Photoshopped photos have often been the subject of criticism about their skewed perceptions of reality and beauty. Lena Dunham’s recent shoot for Vogue joins in the discussion, especially when the public can compare the original photos to the re-touched ones.
Jezebel.com has access to six “allegedly unaltered images” that clearly the show the changes the photographer, Annie Leibovitz, and the creative team at Vogue decided to make. These images, juxtaposed with the copies that actually made it into the magazine perfectly demonstrate how women are expected to be perfect while men can be a little rough-around-the-edges.
In one shot, Dunham sits seductively on the side of a tub as a male model lounges inside. She is in a simple black dress and pumps staring at the camera. The un-retouched photo shows, however, that the creative team drastically altered Ms. Dunham for the final photo but did not do much the male model. They added more length to Dunham’s neck, took out a line near her mouth, cleaned up her jawline, made her waistline more narrow, removed a shadow on her elbow, and even smoothed out her hands. They also lifted the neckline of her dress and changed the shape of her cleavage. The male model, Adam Driver’s only change was a shift of his leg so it came out of the water. No one retouched his face or body.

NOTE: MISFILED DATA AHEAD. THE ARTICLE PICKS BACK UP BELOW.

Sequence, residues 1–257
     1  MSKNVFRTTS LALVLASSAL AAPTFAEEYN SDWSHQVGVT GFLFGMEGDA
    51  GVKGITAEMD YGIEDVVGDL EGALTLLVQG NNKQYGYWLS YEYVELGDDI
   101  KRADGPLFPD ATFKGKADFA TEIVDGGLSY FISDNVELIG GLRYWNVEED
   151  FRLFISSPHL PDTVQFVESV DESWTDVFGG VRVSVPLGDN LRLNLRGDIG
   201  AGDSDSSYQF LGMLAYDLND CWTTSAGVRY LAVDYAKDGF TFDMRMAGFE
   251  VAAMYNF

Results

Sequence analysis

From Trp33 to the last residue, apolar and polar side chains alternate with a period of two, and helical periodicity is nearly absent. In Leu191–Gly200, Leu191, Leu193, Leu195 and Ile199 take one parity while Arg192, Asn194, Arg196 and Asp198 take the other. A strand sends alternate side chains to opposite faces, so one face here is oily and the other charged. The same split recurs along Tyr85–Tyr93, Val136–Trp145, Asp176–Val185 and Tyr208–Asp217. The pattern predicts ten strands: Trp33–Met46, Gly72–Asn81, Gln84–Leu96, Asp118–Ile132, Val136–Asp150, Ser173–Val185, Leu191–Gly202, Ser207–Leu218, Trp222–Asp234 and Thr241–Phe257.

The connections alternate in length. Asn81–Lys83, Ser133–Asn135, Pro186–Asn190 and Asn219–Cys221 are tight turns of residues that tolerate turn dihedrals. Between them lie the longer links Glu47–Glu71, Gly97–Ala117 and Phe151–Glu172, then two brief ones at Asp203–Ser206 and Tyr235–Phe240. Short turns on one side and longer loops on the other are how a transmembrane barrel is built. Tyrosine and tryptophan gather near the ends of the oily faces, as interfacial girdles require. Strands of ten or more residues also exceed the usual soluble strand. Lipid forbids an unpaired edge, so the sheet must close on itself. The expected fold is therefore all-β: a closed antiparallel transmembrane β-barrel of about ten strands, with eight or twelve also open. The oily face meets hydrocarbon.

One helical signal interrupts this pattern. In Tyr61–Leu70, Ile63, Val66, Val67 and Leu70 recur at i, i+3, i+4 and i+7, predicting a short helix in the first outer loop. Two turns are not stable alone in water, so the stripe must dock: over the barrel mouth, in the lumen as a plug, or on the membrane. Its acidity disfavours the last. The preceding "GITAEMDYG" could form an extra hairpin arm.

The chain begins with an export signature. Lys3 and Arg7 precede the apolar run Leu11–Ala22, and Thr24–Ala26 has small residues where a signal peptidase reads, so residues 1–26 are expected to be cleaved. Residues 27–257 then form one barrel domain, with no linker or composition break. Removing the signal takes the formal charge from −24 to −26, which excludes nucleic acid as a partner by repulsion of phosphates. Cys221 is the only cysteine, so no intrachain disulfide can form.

Everyone is entitled to his or her artistic freedom, but the changes to Lena Dunham’s final photos make it seem like there is something wrong with the original shots, which were beautiful enough on their own. Magazines full of photoshopped photos beg the question, what would people say if they just printed the original pictures? Would this change society’s perception of what is “beautiful?”